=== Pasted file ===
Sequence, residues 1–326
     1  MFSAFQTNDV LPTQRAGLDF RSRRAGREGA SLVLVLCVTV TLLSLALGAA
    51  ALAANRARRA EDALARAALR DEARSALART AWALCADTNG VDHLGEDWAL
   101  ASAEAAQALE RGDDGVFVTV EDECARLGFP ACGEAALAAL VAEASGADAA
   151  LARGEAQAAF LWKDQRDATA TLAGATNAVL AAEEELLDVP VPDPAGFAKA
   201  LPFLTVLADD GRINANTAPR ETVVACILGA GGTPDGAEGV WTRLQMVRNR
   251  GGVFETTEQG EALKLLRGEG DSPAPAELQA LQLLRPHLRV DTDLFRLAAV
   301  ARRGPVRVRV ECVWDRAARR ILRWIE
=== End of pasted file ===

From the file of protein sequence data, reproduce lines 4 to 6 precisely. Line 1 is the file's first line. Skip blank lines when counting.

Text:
   101  ASAEAAQALE RGDDGVFVTV EDECARLGFP ACGEAALAAL VAEASGADAA
   151  LARGEAQAAF LWKDQRDATA TLAGATNAVL AAEEELLDVP VPDPAGFAKA
   201  LPFLTVLADD GRINANTAPR ETVVACILGA GGTPDGAEGV WTRLQMVRNR